Holy shit, Cleveland did it! The Cleveland Cavaliers beat the Golden State Warriors 93–89, winning the NBA Championship and putting an end to Cleveland’s 52 year long championship drought. They have become the first team to come back from a 3–1 deficit in the Finals, and did so against the winningest team in NBA Regular Season history. Holy shit.
Whether you want to call it destiny, or call it brilliant planning by LeBron James and his off-court team, Mr James did what he told the world he was going to do last summer: he brought a title back to the land. Has there ever been a player under more scrutiny to win a title? Here is one of the leagues best players, putting up three of the greatest games in Finals history and doing it facing elimination every time. To think that just a week ago there were player openly questioning his fortitude seems insane.
LeBron James is the first player in NBA history to lead both teams in points, rebounds, assists, blocks and steals for the duration of a playoff series. If you take anything away from this Finals let it be that fact. Of all the incredible moments in James’ career, I’m not sure any trump his block on Andre Iguodala down the stretch.
I’ve probably watched it 50 times by now and it is still giving me chills. There may be no play more James-esque than the chase down block, how fitting is it that this block will become his career defining play. LeBron was named Finals MVP after the game, which came as a shock to no one. Even before the game there seemed to be a general consensus that he deserved the award, win-or-lose.
There’s a lot that had to go wrong for Golden State to lose this series. The biggest scape goat in all of this will no doubtably be Draymond Green’s one game suspension that took place in Game Five, a game that could have ended the series had Green played. They had a chance to close out this series at home, with the Cavs reeling, but not having their best defender on the court cost them dearly. It was in Game Five that LeBron and Kyrie Irving really found their games, both scoring 41 points, and from then on they were both incredible.
For his part, Green was incredible in Game Seven, by far the best player for the Warriors on the night. His 32 points came off of 73% shooting and his six three’s were more than any other shooter on the court. He also pulled down 15 rebounds and dished out nine assists. Compared to the Splash Brother who combined for 12-of-36 shooting, seven rebounds and four assists, there was no doubt who the best player for Golden State was. For as spectacular as Stephen Curry has been all year, he was absolutely outplayed in these Finals by his counterpart, Kyrie Irving. The difference between the two was no more apparent when Curry missed a wide open three that would have given them the lead late, then badly missed a 26 footer that would have tied the game up with less than a minute left.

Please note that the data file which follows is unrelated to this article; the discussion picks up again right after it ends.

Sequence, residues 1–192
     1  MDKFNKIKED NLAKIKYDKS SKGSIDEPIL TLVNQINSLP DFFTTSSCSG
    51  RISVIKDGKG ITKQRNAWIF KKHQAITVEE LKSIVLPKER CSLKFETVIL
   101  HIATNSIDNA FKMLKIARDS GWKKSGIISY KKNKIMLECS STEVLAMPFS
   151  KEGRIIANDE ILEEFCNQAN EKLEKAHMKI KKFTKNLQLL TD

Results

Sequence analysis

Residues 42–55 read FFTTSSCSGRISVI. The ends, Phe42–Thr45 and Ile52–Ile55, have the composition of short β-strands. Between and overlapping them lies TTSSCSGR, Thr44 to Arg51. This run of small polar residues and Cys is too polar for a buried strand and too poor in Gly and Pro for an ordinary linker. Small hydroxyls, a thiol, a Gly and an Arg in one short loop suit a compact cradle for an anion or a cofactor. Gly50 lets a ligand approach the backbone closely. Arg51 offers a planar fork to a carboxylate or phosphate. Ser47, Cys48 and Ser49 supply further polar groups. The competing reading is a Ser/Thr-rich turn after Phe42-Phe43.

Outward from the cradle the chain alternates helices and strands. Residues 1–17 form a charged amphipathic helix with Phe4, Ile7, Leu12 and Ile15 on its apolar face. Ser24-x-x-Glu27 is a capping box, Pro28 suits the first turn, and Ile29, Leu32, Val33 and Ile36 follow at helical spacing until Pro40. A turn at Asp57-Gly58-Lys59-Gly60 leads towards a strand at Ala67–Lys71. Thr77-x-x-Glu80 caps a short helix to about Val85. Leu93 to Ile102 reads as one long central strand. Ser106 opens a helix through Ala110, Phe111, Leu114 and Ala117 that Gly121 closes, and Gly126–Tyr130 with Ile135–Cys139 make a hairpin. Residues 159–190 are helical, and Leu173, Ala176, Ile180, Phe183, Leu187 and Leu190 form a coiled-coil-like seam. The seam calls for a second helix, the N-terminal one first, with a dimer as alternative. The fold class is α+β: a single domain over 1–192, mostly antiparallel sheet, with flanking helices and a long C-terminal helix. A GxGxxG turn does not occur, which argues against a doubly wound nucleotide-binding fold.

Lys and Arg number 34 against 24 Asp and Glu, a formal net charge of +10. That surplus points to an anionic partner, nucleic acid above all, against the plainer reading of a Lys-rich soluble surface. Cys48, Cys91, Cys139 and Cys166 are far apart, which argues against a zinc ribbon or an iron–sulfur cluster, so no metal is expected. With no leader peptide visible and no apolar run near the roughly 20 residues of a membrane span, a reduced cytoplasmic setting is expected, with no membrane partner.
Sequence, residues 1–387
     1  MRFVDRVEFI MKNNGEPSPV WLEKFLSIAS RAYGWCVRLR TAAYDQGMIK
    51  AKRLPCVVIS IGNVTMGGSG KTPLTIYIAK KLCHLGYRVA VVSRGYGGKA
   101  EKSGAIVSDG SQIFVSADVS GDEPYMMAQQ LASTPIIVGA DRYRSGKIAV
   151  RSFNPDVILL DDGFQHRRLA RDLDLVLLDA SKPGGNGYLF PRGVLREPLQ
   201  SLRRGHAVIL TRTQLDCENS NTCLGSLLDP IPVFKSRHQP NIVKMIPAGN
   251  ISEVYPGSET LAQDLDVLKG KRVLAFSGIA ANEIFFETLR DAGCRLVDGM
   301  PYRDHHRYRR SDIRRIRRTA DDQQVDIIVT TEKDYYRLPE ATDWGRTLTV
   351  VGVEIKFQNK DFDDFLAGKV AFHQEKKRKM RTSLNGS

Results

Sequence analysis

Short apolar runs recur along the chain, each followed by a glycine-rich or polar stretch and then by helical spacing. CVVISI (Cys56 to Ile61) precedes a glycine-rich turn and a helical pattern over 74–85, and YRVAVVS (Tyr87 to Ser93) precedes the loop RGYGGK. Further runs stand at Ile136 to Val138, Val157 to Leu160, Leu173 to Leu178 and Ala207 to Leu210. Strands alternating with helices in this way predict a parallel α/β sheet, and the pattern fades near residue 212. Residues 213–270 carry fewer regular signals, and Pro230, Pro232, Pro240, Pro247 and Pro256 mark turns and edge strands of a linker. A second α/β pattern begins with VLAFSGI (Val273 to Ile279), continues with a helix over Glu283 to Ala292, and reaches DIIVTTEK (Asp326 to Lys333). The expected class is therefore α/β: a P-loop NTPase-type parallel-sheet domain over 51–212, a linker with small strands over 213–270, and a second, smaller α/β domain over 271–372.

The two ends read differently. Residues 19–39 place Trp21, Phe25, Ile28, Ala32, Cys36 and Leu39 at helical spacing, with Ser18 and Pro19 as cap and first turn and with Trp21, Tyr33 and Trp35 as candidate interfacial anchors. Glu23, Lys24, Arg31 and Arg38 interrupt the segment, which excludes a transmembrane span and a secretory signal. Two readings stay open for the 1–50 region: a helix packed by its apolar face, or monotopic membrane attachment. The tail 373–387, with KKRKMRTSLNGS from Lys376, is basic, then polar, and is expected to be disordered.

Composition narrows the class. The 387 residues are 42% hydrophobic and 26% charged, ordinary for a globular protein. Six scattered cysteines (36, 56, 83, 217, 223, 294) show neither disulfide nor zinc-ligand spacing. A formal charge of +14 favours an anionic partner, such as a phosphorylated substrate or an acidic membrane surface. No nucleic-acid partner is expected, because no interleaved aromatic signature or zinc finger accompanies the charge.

It was Irving’s three point shot with a little under a minute to go that would give Cleveland the winning lead. Kyrie finished the night with 26 points, a solid performance in the biggest game of his young career. Of all the players not named LeBron James, who showed up big in this series it was Irving who stood out the most. It easy to dismiss his game as too Iso heavy, and knock him for his lapses on defense, but when the games mattered most Irving was able to lock down enough on D to stay in games. He flourished on pick and rolls, and proved to be impossible to guard off of the dribble. There are times in the Playoffs when a team is going to need a player who can hit difficult shots when the shot clock is ticking down, and Irving is that guy.
On the opposite end of the spectrum, Harrison Barnes became a phantom in the last games of these Finals. From Game Five on Barnes shot just five-of-32 from the field. It got to the point where Cleveland stopped even contesting his shots, instead using his defender to help clog up the lane and really hamper Golden State’s offense. As many have talked about, Barnes is a free agent this year, I wonder how he felt the pressure to perform for a bigger pay day this summer. It’s painful to watch such a consistent player get mindfucked on such a huge stage. For all of the heat that Kevin Love has been under, at least he was able to show up in Game Seven with 14 rebounds and a couple of big baskets in the second half.
This series, despite the blowouts, ended up being incredibly close. In fact, the four points that the Cavaliers won this game by also represents the total advantage they had in the entire series. Think about that, a seven game series in which the two teams were only four points apart. That’s how close this thing was. It took every bit of a brilliant LeBron James performance, mixed with great showings from Kyrie Irving, Tristan Thompson and everyone else on this Cavs squad — yes, even Kevin Love — to get the job done. I guess that’s what it takes to break a 52 year old curse on a city. If you are reading this in Cleveland I hope you truly savor this moment, I can’t imagine how great this most feel. I feel good for you, and for the players on the Cavs for doing something I didn’t think was possible. It turns Kevin Garnett was right.